With the signing of a bill on Nov. 25, President Donald Trump put into law the first major, widespread federal ban on animal cruelty — a bipartisan effort known as the Preventing Animal Cruelty and Torture Act.
This new law, which had support from Democrats and Republicans alike in both the House and Senate, makes certain acts of cruelty to animals felony offenses punishable by fines and prison sentences of up to seven years.
Actions that are outlawed include deliberate crushing, burning, drowning, suffocation, impalement or other violence that causes “serious bodily injury” to animals.
The PACT Act, as it’s known, allows for prosecution of animal cruelty violations across state lines and complements federal laws that already ban such practices as animal fighting as a “sport.”
It also takes aim at a relatively recent disgusting development made more prevalent through the use of smartphone video cameras — videos that depict sick behaviors toward helpless animals, which are then shared on social media. Animal rights activists say that “animal crushing” videos are among the most “popular” of these disgusting depictions.
Virginia, Tennessee and other states do have their own laws against animal cruelty, although they vary in scope and severity of punishment. But the PACT Act is the first uniform set of rules that apply across all 50 states, the District of Columbia and U.S. territories.
There are some exceptions under the act, though, and these should be addressed at the state level. They include “exemptions for humane euthanasia; slaughter for food; recreational activities such as hunting, trapping and fishing; medical and scientific research; ‘normal veterinary, agricultural husbandry, or other animal management practice’; and actions that are necessary ‘to protect the life or property of a person,’” according to a Washington Post report on the new law.
That brings us to a problem the Bristol Herald Courier addressed this week in a story titled, “‘Hounded’ & homeless: Hunting season brings uptick in injured, abused hound dogs needing homes, legal protection.”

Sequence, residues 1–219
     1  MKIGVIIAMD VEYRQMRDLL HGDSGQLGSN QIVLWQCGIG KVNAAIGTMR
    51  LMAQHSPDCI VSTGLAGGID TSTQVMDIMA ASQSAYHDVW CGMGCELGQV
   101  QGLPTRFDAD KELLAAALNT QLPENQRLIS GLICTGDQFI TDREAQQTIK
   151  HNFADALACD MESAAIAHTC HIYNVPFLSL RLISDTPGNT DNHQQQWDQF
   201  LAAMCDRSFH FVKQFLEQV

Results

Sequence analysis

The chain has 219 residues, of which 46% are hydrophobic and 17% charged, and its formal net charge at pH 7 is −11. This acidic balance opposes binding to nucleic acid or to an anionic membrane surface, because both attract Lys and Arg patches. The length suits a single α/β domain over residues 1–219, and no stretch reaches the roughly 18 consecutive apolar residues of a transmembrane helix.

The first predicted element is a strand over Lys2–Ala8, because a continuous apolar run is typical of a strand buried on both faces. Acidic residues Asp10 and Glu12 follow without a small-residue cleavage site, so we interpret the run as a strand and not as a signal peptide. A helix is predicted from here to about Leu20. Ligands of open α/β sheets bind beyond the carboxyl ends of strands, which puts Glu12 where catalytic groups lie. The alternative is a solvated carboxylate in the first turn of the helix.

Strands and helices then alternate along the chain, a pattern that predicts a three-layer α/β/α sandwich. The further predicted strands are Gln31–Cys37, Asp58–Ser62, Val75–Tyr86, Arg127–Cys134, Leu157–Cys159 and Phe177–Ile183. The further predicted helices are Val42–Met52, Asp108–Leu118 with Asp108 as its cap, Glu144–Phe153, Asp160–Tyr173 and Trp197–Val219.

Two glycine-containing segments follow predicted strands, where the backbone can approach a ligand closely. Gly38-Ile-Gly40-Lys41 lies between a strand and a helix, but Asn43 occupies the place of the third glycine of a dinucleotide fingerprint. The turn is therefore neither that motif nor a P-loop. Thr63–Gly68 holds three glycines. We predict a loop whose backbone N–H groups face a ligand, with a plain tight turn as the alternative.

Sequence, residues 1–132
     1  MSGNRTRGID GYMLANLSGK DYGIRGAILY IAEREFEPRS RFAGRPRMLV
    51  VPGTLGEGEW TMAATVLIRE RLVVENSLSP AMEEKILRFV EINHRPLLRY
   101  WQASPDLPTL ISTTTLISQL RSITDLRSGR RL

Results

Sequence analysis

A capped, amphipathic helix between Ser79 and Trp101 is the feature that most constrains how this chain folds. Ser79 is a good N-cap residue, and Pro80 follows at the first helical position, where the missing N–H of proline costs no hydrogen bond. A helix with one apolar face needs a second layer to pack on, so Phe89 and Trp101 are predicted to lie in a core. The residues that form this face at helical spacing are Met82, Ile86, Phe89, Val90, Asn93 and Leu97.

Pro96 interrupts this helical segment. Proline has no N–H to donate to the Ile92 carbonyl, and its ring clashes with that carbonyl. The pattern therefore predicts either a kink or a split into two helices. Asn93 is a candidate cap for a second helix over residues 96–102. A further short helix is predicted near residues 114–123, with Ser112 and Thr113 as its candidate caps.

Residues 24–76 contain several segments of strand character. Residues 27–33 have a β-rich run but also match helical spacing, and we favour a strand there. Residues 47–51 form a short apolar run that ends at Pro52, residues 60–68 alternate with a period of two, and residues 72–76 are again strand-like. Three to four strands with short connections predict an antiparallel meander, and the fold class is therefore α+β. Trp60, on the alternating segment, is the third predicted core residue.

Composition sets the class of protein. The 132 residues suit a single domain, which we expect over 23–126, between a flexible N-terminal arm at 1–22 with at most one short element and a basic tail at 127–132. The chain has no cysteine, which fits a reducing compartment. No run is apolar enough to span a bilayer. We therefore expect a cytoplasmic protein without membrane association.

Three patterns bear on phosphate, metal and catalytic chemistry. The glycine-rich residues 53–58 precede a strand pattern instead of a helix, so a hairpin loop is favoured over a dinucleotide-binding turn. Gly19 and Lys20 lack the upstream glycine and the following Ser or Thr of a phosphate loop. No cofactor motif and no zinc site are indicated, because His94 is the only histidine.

Appalachian songwriter, poet laureate and performer Billy Edd Wheeler mentioned hunting dogs in his noteworthy early 1960s tribute to the backyard privy, “Ode to the Little Brown Shack Out Back,” in which he sang:
“It was not so long ago that I went tripping through the snow, out to that house behind my old hound dog, where I’d sit me down to rest, like a snowbird on her nest, and read the Sears and Roebuck catalog …”
We still see the kind of hound dog Wheeler referred to frequently in Appalachia — working dogs, used for hunting, who are kept in pens out in the backyard and generally taken out only when it’s time to go hunting.
Now, we’re not about to criticize this age-old practice of keeping and using hound dogs for hunting. We’d just like for those who have these working dogs to keep them safe and well cared for.
The newspaper’s story, however, told a disturbing tale of abuse of these beautiful creatures that occur (we hope) in only a small minority of their population.
According to the story, Animal Shelter of Sullivan County Executive Director Cindy Holmes “is seeing an uptick in injured hound dogs being brought to the shelter now that hunting season is underway, and programs to help community animals are in full swing.”
Hounds running at large are being found by residents and animal control, Holmes told the newspaper. She advocated for better treatment of “working dogs” in a recent interview with the Bristol Herald Courier, adding that some of these dogs are suffering because of “utter neglect.”
“There should be laws that protect working animals — that they have rules that you can’t hunt them when they’re injured to the point that they need surgery,” Holmes said. “These animals are being bred and used in a working capacity, and there’s no oversight or regulation.”
She also told the newspaper that these dogs that end up at the shelter often have torn-up faces, ear and skin infections, scarring and long toenails.
“I’m not anti-hunting by any stretch of the imagination,” she told the newspaper. “I’m not anti-working dog breeds, but there does need to be a call for humane treatment of these animals, and when you do have a working animal, you need to make sure that they’re getting the utmost care.”
We agree, and even though there’s an exception in the new federal anti-cruelty law for such working dogs, that doesn’t excuse abusive behavior toward these animals.
If you’re among those who enjoy keeping dogs for hunting — or for any other working activities — please make sure these animals are properly housed out of the harsh elements, that they are fed properly and that they’re given the medical care they need.
It’s the humane thing to do.